And then when you get to the end, and you think you've got this hard, miserable world figured out, you will hear a story of redemption, a whispered hint of what it could mean to believe in something that never changes.
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5 of 6 people found the following review helpful By Craig McLeod on July 10, 2007
Format: Paperback Verified Purchase
For a book that gives you the overall plot in the title, I found this book fascinating. I was riveted to the story, the people and to the journey itself. I have read few fictional books that I cared this much about. Could this really be a business memoir?

It is indeed. It is a business memoir like no other. It's funny, even when the chips are down it still manages to be funny. The only thing I find more impressive than the humor and style with which the book was written is the unforgiving honesty about what is occurring. It is a roller coaster of emotion as you hope (like the author did) for success.

After reading Typo, I now feel like have experienced running my own company. Even ending in failure, this book inspires me even more to try my own hand at it.
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5 of 6 people found the following review helpful By John Seiffer on June 11, 2007
Format: Paperback
It's rare to find a true business tale that reads like a novel AND is insightful without being preachy. The story is riveting and gives insight to the nuts and bolts of taking over a company that most investors and even many managers are oblivious to. I don't see how a happy ending could have ever been possible for this story but David Silverman bares his soul with wit and grace.

If you're thinking of starting or buying a company or partnering with or lending money to someone who is, you should read this book.
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4 of 5 people found the following review helpful By A. Richert on August 23, 2007
Format: Paperback
What an original and soul baring book Mr. Silverman has written. Anyone in business for themselves or thinking of entrepreneurial dreams should read this book! Even if you don't envision yourself as an entrepreneur, this book will give you some insight into what your business owner is thinking and going through.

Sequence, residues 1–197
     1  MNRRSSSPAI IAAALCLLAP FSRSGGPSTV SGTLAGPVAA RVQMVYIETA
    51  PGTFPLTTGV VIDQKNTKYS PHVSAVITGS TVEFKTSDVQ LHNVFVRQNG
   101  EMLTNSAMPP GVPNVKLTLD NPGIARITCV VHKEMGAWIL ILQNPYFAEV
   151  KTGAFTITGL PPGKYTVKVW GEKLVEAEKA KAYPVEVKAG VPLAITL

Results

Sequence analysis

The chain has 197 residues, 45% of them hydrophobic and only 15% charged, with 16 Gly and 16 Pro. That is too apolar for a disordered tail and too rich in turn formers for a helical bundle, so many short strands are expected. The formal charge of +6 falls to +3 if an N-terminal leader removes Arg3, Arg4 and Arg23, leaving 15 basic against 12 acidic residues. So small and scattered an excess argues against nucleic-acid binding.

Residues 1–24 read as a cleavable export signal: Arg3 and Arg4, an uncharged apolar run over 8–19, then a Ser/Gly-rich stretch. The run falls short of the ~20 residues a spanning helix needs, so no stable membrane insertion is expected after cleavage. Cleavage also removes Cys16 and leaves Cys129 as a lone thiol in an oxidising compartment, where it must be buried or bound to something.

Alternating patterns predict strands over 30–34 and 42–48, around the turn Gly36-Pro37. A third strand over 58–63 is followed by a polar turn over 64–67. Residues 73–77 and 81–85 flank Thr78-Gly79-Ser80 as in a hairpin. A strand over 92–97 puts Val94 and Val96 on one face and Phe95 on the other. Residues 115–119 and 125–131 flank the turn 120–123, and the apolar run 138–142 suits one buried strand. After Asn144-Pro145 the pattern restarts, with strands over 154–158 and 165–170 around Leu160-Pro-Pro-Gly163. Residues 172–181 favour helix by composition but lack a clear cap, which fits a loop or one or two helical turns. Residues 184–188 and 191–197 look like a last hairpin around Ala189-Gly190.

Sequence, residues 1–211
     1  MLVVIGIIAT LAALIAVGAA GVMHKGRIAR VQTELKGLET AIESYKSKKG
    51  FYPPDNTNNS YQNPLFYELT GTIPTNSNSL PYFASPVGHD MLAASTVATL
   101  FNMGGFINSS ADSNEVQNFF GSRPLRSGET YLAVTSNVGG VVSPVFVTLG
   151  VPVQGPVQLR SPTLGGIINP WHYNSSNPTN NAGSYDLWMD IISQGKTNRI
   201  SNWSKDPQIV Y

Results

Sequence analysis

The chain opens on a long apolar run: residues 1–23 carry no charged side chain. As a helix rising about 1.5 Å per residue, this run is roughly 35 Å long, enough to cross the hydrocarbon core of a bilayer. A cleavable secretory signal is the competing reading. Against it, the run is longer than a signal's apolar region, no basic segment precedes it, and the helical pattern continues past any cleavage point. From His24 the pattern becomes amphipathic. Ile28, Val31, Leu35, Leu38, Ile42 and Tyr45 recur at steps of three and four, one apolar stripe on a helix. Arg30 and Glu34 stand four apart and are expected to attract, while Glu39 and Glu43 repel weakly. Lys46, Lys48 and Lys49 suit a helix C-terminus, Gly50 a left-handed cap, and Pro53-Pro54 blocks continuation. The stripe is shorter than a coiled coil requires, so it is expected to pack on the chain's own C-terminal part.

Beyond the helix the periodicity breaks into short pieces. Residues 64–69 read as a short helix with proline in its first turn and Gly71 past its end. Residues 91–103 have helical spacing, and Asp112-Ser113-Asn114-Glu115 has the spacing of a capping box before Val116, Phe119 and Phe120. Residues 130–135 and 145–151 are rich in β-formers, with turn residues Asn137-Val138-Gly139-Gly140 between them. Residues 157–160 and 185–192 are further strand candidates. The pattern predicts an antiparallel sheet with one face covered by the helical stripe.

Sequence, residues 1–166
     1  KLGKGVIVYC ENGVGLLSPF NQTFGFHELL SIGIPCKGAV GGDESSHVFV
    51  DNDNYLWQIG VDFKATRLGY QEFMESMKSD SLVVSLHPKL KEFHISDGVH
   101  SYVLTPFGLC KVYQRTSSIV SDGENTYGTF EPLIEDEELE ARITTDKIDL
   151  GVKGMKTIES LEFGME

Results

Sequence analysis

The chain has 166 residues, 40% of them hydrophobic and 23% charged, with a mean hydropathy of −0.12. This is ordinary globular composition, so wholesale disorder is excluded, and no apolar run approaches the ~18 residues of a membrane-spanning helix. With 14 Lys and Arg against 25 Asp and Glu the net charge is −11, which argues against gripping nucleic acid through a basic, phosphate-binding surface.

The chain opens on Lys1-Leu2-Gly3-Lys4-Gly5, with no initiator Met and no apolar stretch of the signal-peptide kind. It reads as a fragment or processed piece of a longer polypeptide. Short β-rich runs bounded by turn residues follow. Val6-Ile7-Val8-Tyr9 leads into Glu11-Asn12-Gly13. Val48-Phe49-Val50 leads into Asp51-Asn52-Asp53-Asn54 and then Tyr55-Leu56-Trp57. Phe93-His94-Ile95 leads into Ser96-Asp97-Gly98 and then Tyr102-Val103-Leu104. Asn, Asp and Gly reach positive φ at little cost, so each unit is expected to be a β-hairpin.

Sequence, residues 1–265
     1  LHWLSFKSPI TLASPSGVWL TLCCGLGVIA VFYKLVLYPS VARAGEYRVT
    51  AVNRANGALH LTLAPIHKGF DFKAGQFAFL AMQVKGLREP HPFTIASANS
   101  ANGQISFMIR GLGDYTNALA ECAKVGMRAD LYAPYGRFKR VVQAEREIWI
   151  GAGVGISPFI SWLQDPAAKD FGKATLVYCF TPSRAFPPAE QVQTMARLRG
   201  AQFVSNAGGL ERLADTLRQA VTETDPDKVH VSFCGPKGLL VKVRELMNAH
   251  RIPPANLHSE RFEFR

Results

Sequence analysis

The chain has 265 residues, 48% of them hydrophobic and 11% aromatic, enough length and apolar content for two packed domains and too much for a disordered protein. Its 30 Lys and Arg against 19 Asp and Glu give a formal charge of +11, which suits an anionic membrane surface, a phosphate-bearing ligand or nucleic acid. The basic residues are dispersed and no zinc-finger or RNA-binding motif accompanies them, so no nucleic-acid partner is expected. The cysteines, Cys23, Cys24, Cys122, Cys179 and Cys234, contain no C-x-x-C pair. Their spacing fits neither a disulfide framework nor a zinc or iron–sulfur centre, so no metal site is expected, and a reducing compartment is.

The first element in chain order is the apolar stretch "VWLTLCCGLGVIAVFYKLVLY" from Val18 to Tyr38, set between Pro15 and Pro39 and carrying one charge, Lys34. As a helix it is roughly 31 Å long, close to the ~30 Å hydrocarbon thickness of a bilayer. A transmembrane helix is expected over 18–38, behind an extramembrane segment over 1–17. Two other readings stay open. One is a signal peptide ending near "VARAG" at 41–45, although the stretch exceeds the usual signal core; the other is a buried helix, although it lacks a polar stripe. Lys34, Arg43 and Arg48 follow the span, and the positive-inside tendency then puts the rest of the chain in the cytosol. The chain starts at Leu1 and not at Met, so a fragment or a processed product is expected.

Are people always who they seem to be? How hard-nosed can customers be? How difficult will the workload be when I'm on my own? How can I compete with outsourcing? Can I change a culture mindset? All these questions and many more are discussed in a hilarious, entertaining and sometimes saddening way. Life isn't always easy on your own!

Congratulations to David Silverman on being willing to risk everything to pursue the American Dream and (no spoiler, the title gives it away) even though it ended in failure for the company I think anyone who reads this book will be richer because of his experiences. My guess is David will be back doing something on his own at some point in the near future. I wouldn't be surprised if he takes Typo and turns it into a cottage industry much like Covey has done with Seven Habits of Highly Effective People.
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4 of 5 people found the following review helpful By John Stafford on November 11, 2007
Format: Paperback Verified Purchase
This book was outstanding.

Most "business books" focus on high finance, venture capital, or big company leadership or experiences. Yet most of the economy is small and medium businesses such as the one David describes. A New York jew attempting to convince Iowan grandmothers to revolutionize their business or be outsourced is laughable in one sense, but the core of American business innovation in the other.

His descriptions of what it is like to fire grandmothers, to attempt to empower people who have no interest in stepping up, and his senior partner and mentor's downward personal spiral get to the heart of business. These are the enormous challenges in the heart of the economy that has never seen an MBA and yet is vital to towns like Clarinda.

Even though he invested and lost his life savings, he made the right decision. He was just overwhelmed by strategic forces that swamped the industry.